As China’s share of the global forest products market continues to grow, interest has intensified in, first, how Chinese companies are dealing with law enforcement and governance concerns in their supply chains and overseas operations, and second, what policy or regulatory measures the Chinese government is adopting to promote sustainable forest management and trade.
Until quite recently, illegal logging and associated trade were sensitive issues in China, limiting any discussion about the country's role in the global response. This is now changing, as stakeholders from civil society, government and industry increasingly join in or instigate discussions about the role and responsibilities of China in tackling illegality.
IUCN, through its China Programme, has been working with its members and partners to broaden the national debate on illegal logging and associated trade. Between 2007 and 2010, in partnership with the UK's Royal Institute of International Affairs (better known as Chatham House) and Forest Trends, IUCN China organised a series of dialogues on illegal logging for Chinese and international stakeholders. This was made possible by funding from the UK's Department for International Development and Department for Environment, Food and Rural Affairs under the UK–China Sustainable Development Dialogue.
The Dialogue Series
The aim of the series was to provide a regular, open forum for constructive discussion about the international trade in sustainable and legal forest products, in particular issues pertinent to China. The organisers sought to create a space in which Chinese and international stakeholders could freely share their ideas and experiences, learn about each other's initiatives, and work towards a better understanding of China's role and potential actions.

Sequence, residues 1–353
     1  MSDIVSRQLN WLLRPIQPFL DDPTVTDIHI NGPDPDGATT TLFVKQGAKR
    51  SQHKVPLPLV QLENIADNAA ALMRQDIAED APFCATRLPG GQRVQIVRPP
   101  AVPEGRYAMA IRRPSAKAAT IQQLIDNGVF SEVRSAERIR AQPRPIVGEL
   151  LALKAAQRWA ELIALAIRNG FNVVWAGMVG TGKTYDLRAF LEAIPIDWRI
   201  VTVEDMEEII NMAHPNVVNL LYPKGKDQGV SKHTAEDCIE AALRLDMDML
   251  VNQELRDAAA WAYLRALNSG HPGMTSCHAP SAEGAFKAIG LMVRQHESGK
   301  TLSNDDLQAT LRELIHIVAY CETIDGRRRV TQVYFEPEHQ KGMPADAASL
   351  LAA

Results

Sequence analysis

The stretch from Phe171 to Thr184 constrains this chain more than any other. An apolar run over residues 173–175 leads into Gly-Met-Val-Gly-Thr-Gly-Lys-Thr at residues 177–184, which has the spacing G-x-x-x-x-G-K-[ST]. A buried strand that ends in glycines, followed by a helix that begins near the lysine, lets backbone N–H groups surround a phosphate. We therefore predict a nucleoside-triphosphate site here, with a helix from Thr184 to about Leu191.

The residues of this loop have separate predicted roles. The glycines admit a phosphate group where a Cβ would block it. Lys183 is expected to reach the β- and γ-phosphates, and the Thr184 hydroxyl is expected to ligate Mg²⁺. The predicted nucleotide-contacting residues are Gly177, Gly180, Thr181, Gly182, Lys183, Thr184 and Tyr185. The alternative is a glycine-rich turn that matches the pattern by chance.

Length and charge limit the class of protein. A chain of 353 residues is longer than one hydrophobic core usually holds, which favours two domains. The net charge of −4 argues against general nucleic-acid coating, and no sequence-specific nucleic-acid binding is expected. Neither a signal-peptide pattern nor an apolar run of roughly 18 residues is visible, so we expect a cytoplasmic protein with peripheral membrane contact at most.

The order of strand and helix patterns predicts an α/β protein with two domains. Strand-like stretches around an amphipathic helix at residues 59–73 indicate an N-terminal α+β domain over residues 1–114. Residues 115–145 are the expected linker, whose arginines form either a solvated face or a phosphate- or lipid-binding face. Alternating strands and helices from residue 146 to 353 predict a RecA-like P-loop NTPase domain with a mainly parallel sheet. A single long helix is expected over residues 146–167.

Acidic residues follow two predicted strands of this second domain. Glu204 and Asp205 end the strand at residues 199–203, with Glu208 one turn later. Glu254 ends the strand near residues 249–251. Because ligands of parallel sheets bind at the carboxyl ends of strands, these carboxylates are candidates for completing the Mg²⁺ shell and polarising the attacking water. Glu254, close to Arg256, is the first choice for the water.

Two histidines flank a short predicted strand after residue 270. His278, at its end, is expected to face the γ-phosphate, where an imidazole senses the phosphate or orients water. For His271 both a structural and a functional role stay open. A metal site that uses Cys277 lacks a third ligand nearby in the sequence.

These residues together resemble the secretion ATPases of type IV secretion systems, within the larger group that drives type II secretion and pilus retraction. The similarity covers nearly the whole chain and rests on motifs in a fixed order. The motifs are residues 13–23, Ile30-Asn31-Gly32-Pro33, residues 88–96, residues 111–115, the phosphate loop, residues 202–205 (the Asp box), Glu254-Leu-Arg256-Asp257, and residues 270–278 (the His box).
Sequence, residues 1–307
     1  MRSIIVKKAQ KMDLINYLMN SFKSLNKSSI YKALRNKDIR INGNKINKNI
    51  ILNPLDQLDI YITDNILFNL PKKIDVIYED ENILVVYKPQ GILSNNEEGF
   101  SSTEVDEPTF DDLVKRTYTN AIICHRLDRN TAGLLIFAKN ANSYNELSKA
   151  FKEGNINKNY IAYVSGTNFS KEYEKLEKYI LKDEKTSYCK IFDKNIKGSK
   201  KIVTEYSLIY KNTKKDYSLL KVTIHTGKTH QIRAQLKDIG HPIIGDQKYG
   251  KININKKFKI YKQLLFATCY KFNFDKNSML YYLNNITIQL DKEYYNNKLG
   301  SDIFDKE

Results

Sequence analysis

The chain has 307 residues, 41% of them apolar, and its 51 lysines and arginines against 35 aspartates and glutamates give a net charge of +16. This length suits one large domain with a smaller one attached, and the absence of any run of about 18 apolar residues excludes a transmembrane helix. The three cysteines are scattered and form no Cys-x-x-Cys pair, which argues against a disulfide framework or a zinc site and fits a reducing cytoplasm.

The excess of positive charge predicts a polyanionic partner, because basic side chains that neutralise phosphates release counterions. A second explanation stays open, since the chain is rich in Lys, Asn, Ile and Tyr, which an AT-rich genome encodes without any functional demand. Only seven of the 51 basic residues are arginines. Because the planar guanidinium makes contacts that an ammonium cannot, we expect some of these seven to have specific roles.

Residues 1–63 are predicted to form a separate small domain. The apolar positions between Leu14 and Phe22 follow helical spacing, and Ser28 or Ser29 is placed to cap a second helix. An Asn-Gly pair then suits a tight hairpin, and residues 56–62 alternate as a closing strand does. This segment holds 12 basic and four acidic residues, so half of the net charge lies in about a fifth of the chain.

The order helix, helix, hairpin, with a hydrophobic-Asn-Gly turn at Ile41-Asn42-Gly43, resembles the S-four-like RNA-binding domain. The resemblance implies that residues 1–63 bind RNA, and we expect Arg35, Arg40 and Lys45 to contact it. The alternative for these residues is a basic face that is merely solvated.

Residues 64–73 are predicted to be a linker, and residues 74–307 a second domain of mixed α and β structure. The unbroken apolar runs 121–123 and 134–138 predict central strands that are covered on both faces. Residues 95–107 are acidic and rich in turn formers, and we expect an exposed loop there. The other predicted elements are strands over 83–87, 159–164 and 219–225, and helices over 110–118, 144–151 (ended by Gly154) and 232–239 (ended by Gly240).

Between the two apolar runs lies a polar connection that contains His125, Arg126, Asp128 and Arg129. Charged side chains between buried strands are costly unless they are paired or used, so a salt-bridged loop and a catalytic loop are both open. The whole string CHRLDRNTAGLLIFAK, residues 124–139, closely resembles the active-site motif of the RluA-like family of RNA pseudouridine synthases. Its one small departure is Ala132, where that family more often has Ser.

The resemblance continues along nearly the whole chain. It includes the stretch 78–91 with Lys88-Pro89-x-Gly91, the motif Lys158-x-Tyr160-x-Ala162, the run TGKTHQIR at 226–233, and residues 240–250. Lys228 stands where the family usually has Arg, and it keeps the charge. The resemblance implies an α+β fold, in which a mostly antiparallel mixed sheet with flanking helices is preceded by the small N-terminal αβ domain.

Six meetings were held in the series, all in Beijing. The first five were open events, each attracting between 60 and 90 participants from government, industry, academia and the NGO sector. The final meeting (in March 2010) was an invitation-only seminar for key Chinese and Indonesian representatives to discuss their bilateral trade in wood products.
A broad range of issues was discussed during the series, including: the status of China's forest products trade with Russia, Africa and Southeast Asia; timber certification and verification tools and benefits; the role of customs; and the implications for China of demand-side measures to counter illegal logging, such as green procurement initiatives, the revised US Lacey Act, and the European Union's FLEGT Action Plan and illegal timber regulation.
By linking international developments with concerns in China, the dialogues helped to put illegal logging on the public agenda in China. Through open, informed discussion, they also helped to improve awareness and understanding of complex, sensitive issues such as consumer country legislation against illegal logging, the Voluntary Partnership Agreements introduced under the FLEGT Action Plan, and the nature of Chinese forest interests in Africa. The influence of these achievements can be seen in the more open and active approach now adopted by China to ensuring legal and sustainable wood supply chains.
With the end of the dialogues, and the growing number of similar meetings organised by other groups, the question arises of how best to support China's efforts to ensure legality and sustainability. To that end, IUCN is now exploring opportunities to provide more practical, focused information and training to Chinese stakeholders.